Results

A total of 25 articles were selected to be included in this review. Articles were classified as follows: clinical studies (15; Table 1), biomechanical studies (7; Table 2), and reviews (3; Table 3). A subclassification was made according to the use of rigid vs nonrigid connectors and studies in which no differentiation between the 2 was made. Publication dates ranged from 1995–2009, and observation time ranged from 3–10 years.

Table 1.

Clinical studies*

Clinical studies*
Clinical studies*
Table 1.

Continued

Continued
Continued
Table 2.

Reviews

Reviews
Reviews
Table 3.

Biomechanical studies

Biomechanical studies
Biomechanical studies

Survival or success rates of implants ranged from 79.5%–100%. Tooth complications, including tooth fracture, caries, endodontic and periodontal problems, and other complications, occurred in 5.4%–11.8% of cases. Complications of the suprastructure, such as fracture, abfracture of veneers, and so forth, were observed in 5%–90% of cases. Intrusion was present in a total of 0%–66% of all cases and was more frequent in cases with nonrigid connection (0%–66%) vs cases with rigid connection (0%–44%).

Most biomechanical studies show that the use of nonrigid connectors drastically reduces stress on the suprastructure but increases forces on supporting teeth and implants. The use of rigid connectors drastically increases the forces on bone surrounding teeth and implants.

Discussion

Although the combined use of teeth and implants to support prosthetic restorations has been repeatedly suggested for many years, only limited data are available on the long-term success of this treatment approach. A wide range of success rates has been reported.

An argument has been made that different reactions to forces between implants and natural teeth may have a negative impact on treatment outcomes, and the use of nonrigid connectors has been suggested.6 However, biomechanical studies demonstrate that a shift of force distribution from the suprastructure to the supporting teeth occurs when nonrigid connectors are used.712 Although clinical data suggest a lower incidence rate of complications involving the suprastructure and implants, a higher incidence of tooth intrusion is observed when nonrigid connectors are used. This seems to be independent of the specific design of the nonrigid connector.1315 The use of rigid connectors increases the amount of bone loss observed around implants, although no major differences in implant survival rates have been noted.16,17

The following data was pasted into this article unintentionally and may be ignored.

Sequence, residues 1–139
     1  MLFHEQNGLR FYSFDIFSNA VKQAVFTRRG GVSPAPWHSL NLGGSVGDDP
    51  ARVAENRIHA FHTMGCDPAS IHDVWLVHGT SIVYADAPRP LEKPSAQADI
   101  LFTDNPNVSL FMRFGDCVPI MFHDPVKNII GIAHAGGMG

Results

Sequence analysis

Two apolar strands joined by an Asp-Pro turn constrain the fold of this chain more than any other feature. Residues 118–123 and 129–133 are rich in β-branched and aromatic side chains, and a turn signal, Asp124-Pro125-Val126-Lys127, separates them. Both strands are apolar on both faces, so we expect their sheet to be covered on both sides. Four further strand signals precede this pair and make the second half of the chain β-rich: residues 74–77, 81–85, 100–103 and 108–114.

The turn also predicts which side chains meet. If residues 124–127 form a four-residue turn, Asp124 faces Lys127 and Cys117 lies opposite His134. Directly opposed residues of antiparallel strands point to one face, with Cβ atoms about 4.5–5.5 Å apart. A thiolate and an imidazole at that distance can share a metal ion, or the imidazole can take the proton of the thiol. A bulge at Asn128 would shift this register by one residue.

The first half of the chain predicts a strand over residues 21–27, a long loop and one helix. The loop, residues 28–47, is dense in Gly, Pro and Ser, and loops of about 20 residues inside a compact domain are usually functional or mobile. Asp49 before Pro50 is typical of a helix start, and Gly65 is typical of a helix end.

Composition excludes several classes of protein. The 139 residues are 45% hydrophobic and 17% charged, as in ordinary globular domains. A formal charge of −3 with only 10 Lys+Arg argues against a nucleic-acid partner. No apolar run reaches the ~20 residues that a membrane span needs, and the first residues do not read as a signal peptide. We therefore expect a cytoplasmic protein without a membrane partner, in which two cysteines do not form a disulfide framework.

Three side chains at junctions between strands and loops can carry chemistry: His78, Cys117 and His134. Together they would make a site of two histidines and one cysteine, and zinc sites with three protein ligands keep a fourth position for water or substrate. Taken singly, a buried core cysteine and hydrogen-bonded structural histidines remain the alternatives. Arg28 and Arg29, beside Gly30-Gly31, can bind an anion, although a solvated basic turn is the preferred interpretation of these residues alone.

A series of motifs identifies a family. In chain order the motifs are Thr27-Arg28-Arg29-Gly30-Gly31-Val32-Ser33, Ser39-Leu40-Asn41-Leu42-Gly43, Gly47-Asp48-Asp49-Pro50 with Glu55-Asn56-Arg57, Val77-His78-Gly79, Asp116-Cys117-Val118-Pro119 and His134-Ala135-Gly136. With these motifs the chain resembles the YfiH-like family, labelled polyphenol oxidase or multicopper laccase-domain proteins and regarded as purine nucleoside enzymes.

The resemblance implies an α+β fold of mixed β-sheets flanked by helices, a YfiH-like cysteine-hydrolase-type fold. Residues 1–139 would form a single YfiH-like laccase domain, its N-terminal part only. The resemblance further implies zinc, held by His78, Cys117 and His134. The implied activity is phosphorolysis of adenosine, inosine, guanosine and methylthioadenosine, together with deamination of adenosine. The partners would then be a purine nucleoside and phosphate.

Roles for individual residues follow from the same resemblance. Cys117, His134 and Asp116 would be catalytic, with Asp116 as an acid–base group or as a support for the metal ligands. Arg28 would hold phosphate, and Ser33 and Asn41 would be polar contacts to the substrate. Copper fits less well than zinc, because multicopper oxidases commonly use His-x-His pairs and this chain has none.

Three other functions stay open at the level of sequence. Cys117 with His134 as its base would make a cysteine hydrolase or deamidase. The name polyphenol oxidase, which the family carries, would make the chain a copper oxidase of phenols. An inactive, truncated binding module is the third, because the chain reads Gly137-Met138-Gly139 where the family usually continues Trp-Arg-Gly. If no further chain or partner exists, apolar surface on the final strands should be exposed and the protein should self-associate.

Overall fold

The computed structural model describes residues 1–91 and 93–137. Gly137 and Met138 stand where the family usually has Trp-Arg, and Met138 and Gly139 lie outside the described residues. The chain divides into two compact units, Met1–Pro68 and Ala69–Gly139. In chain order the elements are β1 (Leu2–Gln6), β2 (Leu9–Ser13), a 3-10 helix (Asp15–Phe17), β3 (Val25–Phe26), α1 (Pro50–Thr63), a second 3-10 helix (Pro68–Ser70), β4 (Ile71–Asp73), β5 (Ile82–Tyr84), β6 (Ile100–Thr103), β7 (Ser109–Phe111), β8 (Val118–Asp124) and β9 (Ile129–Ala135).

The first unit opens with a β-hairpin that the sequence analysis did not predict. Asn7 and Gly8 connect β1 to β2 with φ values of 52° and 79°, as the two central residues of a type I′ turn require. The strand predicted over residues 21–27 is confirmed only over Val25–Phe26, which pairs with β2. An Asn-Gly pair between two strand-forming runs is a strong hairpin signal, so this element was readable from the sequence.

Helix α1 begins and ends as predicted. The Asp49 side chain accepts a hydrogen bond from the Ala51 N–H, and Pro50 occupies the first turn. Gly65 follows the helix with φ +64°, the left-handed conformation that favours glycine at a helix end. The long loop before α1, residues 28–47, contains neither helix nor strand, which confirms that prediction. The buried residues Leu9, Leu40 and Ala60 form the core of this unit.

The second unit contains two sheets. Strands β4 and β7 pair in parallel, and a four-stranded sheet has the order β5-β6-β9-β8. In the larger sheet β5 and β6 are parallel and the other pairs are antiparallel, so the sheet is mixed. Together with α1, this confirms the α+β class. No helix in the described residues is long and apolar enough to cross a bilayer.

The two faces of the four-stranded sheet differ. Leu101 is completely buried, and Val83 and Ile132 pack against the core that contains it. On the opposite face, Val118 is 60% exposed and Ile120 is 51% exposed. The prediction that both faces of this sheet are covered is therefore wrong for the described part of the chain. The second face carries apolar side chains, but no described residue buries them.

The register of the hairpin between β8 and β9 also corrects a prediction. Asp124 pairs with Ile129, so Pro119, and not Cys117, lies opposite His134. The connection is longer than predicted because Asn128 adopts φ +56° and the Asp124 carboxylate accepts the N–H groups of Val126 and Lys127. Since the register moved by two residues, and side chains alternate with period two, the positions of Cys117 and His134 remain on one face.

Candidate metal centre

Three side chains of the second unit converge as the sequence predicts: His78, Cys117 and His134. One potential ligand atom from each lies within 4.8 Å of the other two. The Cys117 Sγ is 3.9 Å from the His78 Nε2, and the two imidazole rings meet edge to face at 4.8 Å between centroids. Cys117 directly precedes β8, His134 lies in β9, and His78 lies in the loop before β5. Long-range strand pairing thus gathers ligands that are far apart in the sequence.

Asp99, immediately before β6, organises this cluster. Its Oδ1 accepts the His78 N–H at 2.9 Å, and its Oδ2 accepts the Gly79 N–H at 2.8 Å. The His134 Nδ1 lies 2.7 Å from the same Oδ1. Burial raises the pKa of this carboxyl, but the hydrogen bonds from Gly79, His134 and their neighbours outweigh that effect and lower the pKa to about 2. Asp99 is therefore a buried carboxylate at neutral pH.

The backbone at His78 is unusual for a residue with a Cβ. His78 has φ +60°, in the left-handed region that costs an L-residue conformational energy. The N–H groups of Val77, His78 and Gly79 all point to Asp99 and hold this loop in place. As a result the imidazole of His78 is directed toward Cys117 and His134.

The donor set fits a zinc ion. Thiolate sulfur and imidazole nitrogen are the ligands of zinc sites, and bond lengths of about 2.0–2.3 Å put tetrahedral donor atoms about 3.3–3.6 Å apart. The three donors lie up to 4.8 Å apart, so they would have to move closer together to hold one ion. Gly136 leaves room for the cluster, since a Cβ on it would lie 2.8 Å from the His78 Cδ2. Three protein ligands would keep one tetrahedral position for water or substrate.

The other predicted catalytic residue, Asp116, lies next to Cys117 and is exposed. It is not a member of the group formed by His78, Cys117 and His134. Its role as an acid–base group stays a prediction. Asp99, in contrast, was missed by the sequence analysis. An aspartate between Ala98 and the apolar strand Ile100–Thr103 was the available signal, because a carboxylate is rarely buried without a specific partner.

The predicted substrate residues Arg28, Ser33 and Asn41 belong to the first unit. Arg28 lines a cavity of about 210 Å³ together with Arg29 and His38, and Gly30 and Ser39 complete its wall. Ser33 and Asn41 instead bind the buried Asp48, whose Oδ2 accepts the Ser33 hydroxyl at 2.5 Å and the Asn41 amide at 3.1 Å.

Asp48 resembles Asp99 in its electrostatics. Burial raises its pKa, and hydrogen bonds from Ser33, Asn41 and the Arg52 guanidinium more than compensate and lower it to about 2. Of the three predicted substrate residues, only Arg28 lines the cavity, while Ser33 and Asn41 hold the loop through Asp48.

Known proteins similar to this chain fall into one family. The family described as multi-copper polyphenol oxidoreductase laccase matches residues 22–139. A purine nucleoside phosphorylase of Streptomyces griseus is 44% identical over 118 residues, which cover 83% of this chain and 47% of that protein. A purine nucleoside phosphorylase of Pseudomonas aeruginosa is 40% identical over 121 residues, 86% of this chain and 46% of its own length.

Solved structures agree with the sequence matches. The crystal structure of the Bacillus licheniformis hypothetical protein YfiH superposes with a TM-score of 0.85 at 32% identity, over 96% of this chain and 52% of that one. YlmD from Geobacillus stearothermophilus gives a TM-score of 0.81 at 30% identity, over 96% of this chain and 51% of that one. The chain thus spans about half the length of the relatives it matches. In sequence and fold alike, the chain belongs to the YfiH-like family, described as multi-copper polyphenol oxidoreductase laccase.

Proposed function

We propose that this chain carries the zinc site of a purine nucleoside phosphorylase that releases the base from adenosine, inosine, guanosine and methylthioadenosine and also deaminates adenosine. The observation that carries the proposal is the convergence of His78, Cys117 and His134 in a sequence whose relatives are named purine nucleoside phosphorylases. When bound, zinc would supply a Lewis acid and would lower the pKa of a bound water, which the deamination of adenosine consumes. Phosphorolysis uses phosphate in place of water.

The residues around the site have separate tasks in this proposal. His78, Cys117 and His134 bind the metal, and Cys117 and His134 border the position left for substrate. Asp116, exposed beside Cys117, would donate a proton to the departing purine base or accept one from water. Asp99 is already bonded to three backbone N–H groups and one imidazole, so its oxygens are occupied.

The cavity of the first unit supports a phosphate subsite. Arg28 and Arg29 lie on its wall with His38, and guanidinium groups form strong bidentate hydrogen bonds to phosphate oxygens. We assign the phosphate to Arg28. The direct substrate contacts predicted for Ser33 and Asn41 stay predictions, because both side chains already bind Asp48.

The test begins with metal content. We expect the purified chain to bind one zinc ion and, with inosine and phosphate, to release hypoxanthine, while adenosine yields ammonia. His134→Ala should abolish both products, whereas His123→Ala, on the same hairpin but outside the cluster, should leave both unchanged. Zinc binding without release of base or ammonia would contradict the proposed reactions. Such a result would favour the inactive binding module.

The wide variety of outcomes may be due to the fact that the incidence of tooth intrusion and other complications increases over time, with more complications presenting after the 3 year time point. Therefore, studies of shorter duration demonstrate better clinical outcomes.

A prospective evaluation revealed an incidence of intrusion of 66% in the nonrigid group vs 44% in the rigid group over 5 years.14 These numbers are significantly higher than those reported in other studies, possibly because the design of the study allowed evaluation of even minor levels of intrusion. In the same study, tooth loss due to root fracture was reported with the use of both rigid and nonrigid connectors. An overall higher rate of complications was reported in the nonrigid group.

Nickening et al18 reported a higher incidence of technical complications when nonrigid connectors were used. This contrasts with the findings of other clinical studies and with the findings of biomechanical studies indicating higher stresses on the suprastructure when rigid connectors are used.

A factor that should be taken into consideration is the amount of periodontal support provided for abutment teeth. Decreased periodontal support on the abutment teeth increases forces on the remaining supporting bone and on the implant.9 In the same study, it was demonstrated that the use of a rigid connector increases forces on the restoration and on the implant but decreases forces on the bone.